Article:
In Chris Hennen’s recent column “With oil dollars all but gone, what did we get?”, the writer bemoaned North Dakota’s revenue shortfall and the benefits reaped from the state’s oil boom.
Hennen presented some facts and figures that I feel need some clearing up.
First of all, the Budget Stabilization Fund is not a rainy day fund. The state legislature established this fund in 1987 to offset any revenue shortfalls.
What Hennen is likely referring to is the Legacy Fund, a source of funds derived from oil and natural gas revenue. State voters approved the Legacy Fund in 2010. None of the Legacy Fund’s $3.5 billion can be touched until after June 30, 2017; so as of today, the “rainy day fund” Hennen is likely referring to is actually intact (for now).
Next, Hennen appears to make the claim that simply because of a slowdown in the Bakken region, all businesses must be suffering. This assumption is not the case.
In the past two months in Watford City, two ice cream shops and a brewery/restaurant have opened. A young professionals group is blossoming in the town as well. A mixed martial arts fighter just opened a school. The city’s $83 million event center is set to open Sept. 15, a space which will house high school sports, concerts, conventions, classes, etc. Even more, a North Dakota Humanities Council grant landed a Pulitzer Prize-winning photojournalist in Watford City to present his former work and photograph the area for a regional photo essay.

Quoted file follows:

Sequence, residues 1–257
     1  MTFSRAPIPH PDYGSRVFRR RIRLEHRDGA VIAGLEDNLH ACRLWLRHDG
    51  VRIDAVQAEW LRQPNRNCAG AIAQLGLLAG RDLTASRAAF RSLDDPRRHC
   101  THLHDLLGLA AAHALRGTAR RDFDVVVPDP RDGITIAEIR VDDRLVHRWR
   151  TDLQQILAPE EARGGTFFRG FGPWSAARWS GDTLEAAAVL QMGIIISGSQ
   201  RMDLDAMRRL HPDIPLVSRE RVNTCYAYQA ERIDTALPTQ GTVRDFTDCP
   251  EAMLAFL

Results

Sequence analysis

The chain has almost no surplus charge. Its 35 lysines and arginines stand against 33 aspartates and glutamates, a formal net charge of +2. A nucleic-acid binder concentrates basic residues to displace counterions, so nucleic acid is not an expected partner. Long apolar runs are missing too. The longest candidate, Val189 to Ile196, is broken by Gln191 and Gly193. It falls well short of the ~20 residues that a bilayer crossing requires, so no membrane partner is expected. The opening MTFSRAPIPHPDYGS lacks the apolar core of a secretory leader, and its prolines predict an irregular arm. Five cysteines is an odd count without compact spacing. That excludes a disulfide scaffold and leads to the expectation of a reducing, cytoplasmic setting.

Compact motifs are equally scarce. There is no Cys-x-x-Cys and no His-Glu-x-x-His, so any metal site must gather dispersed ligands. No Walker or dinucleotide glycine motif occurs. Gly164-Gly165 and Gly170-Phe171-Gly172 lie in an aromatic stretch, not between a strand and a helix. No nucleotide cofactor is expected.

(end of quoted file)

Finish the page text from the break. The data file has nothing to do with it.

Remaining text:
Hennen cites active drilling rig numbers from recent years as evidence of the slowdown; that may be a fair comparison, but even in that short span of time, technology has improved. Oil companies are putting more wells on fewer pads, reducing footprints on the landscape for more efficient extraction of oil and natural gas (and as a side note, the state had 91 percent gas capture this spring).
Third, Hennen makes it seem as if road construction and education needs are small benefits of the oil boom. I disagree entirely. Watford City, Williston, Killdeer and other communities have much-needed bypasses, roundabouts and alternate routes—roadways that have severely alleviated traffic congestion in what were once quiet towns on the Great Plains.
Those towns are quiet no more due to an influx of people from outside North Dakota, many of whom have now settled here with children and young families. And if there’s any doubt that North Dakota is not a place to raise a family, please inspect the recent Kids Count numbers released by the Annie E. Casey Foundation. North Dakota is ranked No. 8 overall nationwide this year for children’s well-being. The state is also ranked No. 2 for economic prosperity.
Hennen’s column decries doom and gloom for the state in a situation which pales in comparison to the 1980s when oil prices bottomed out and the state drained of people like a colander. Today North Dakota is one of the youngest states in the nation and appears fit enough to ride out this slowdown until better days arrive. In the meantime, we must be realistic in our outlook and understand the true confines of the situation before delivering any opinion.
Jack DuraWatford City, N.D.
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